The man who has helped countless Cumbernauld people free themselves from sometimes drastic personal problems is retiring after a quarter of a century in the job.
Ian Eadie, manager of the town’s Citizen’s Advice Bureau, was the volunteer who was so obviously good at steering people through legal minefields to safety that he was offered the top post.
These days the effects of welfare cuts – for example the chaos caused by the bedroom tax - are a main issue, accounting for a sizeable proportion of the weekly caseload.
But he’s the first to say the Citizen’s Advice Bureau covers a vast array of problems, particularly concerned with debt – which can affect anyone.
Back in the 70’s the administration was constrained to use normal phones and paper files, while these days vast amounts of data are available at the click of a mouse – although it seems the essence of the job hasn’t changed that much.
“We can see 4,000 or more people here in a typical year”, says Ian, “and we could not manage that sort of volume without our tremendous staff – we’ve 13 volunteers, four trainees and five paid staff.”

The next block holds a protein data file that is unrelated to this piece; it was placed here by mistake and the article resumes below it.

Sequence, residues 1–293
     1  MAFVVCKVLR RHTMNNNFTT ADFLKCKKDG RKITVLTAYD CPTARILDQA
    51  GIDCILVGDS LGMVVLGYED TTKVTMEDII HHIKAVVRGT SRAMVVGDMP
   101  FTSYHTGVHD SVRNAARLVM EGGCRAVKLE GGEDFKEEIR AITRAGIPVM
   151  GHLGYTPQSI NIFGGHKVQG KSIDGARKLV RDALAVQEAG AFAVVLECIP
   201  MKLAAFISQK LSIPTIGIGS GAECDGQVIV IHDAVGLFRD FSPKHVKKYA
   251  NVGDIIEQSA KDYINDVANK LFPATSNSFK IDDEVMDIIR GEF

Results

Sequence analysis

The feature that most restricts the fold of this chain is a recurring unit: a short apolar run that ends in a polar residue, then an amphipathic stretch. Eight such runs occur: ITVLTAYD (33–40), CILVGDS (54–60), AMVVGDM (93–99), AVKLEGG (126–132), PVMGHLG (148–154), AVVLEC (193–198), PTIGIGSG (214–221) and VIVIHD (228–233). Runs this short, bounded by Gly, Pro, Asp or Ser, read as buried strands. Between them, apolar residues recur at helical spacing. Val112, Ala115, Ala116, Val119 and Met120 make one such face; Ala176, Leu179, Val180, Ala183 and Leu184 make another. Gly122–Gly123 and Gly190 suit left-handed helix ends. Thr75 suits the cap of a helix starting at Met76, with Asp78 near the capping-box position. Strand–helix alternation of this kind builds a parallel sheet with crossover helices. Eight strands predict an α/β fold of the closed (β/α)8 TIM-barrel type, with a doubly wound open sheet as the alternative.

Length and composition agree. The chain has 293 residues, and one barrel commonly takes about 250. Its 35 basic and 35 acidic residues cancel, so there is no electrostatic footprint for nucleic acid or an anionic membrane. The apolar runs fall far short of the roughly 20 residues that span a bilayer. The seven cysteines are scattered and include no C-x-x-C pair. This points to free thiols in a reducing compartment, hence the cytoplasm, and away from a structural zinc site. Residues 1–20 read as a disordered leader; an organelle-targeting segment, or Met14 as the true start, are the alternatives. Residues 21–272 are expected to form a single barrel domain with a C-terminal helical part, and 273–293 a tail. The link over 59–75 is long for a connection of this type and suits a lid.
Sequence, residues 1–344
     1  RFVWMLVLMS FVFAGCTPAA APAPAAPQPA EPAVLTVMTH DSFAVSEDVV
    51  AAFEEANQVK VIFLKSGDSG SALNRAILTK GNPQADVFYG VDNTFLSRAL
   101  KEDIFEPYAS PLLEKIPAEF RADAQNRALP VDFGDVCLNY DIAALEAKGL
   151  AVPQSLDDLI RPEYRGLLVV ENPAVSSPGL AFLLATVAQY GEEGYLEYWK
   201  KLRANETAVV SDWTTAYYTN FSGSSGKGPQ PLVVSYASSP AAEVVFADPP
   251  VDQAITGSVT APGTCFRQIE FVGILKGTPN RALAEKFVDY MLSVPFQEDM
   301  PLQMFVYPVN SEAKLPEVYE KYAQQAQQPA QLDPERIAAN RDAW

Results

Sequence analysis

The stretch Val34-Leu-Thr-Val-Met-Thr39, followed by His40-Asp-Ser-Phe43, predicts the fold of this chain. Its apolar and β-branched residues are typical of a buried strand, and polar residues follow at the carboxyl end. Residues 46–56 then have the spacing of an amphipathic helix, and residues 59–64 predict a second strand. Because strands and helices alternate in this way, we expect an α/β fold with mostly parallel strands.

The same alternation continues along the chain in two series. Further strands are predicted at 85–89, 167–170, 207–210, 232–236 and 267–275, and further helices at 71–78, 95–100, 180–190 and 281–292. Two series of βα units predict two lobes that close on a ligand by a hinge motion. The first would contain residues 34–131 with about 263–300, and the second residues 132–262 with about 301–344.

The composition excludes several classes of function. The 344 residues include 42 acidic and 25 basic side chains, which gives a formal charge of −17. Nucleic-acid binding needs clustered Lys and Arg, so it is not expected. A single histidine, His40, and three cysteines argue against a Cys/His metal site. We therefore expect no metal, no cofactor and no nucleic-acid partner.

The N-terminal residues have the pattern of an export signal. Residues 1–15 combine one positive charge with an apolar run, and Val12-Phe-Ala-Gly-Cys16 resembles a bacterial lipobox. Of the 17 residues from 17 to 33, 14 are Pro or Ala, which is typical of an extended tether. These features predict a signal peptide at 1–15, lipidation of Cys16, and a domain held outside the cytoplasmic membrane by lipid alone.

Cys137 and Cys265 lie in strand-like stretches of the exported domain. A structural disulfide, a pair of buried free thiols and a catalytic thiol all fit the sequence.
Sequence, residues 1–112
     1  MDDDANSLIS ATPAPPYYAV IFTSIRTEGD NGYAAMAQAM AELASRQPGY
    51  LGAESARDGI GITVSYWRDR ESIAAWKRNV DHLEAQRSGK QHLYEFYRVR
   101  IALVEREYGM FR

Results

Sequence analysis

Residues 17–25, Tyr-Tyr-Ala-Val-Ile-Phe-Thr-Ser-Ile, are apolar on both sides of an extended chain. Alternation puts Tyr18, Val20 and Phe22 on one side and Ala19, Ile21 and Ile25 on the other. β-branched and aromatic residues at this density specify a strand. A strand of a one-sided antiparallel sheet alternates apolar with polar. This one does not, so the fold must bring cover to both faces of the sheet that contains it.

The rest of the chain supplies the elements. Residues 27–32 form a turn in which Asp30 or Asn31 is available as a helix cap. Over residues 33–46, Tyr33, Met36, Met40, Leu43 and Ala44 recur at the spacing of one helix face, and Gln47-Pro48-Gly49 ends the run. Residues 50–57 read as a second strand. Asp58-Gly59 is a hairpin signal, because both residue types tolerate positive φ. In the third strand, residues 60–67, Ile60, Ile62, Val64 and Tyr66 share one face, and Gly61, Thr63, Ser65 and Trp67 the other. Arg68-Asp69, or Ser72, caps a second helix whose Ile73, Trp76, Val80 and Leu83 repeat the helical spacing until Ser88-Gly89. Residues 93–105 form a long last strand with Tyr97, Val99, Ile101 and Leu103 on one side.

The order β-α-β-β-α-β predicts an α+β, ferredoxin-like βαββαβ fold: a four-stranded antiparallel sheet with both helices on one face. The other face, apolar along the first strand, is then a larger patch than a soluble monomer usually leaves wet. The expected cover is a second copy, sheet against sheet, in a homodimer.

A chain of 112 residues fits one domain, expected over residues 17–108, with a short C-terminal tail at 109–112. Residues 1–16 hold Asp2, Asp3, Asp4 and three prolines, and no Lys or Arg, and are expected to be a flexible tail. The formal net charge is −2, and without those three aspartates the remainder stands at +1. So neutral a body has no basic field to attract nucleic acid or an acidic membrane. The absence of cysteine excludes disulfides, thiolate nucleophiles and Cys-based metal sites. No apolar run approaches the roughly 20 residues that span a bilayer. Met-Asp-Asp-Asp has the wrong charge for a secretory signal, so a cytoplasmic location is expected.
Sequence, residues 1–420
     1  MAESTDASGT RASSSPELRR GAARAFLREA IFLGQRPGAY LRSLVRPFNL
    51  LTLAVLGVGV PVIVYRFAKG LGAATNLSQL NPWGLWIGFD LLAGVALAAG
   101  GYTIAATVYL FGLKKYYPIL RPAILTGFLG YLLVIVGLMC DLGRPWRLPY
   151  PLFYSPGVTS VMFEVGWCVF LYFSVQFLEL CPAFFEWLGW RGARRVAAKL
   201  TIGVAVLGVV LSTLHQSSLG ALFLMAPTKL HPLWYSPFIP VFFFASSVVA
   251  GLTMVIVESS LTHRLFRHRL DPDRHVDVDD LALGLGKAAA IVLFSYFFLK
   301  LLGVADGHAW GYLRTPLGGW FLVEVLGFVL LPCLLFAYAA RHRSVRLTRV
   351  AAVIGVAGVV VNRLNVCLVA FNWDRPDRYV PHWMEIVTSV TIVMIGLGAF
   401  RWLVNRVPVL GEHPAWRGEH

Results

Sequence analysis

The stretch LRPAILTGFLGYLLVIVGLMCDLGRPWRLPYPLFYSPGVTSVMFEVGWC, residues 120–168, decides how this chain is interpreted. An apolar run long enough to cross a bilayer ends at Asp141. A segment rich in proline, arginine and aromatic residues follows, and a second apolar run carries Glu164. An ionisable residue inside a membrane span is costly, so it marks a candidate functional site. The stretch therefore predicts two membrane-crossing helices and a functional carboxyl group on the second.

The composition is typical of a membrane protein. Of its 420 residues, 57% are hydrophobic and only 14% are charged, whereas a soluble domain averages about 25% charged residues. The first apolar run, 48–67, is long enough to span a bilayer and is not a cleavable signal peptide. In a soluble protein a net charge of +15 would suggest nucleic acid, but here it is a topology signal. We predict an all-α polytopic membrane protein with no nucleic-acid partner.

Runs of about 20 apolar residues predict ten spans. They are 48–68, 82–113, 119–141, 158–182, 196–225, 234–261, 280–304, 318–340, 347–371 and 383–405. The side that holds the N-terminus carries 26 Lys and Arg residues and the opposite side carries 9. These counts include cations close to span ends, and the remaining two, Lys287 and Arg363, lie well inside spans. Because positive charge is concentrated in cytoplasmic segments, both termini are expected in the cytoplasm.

He doesn’t say so explicitly, but those numbers – and the sometimes complex individual case loads which they represent – make CAB nothing less than an essential service.
“There were times in the past when we struggled to get through the financial year,” says Ian, “whereas now we’ve been getting continued funding from North Lanarkshire Council, which is really essential.”
Now Ian is looking forward to unwinding just a little and enjoying some golf – but seems unlikely to leave the scene entirely.
“When I started as a volunteer I soon thought ‘this is for me’ and was hooked,” he said, “and meeting so many great people – and working with greater colleagues – has made it all worthwhile.”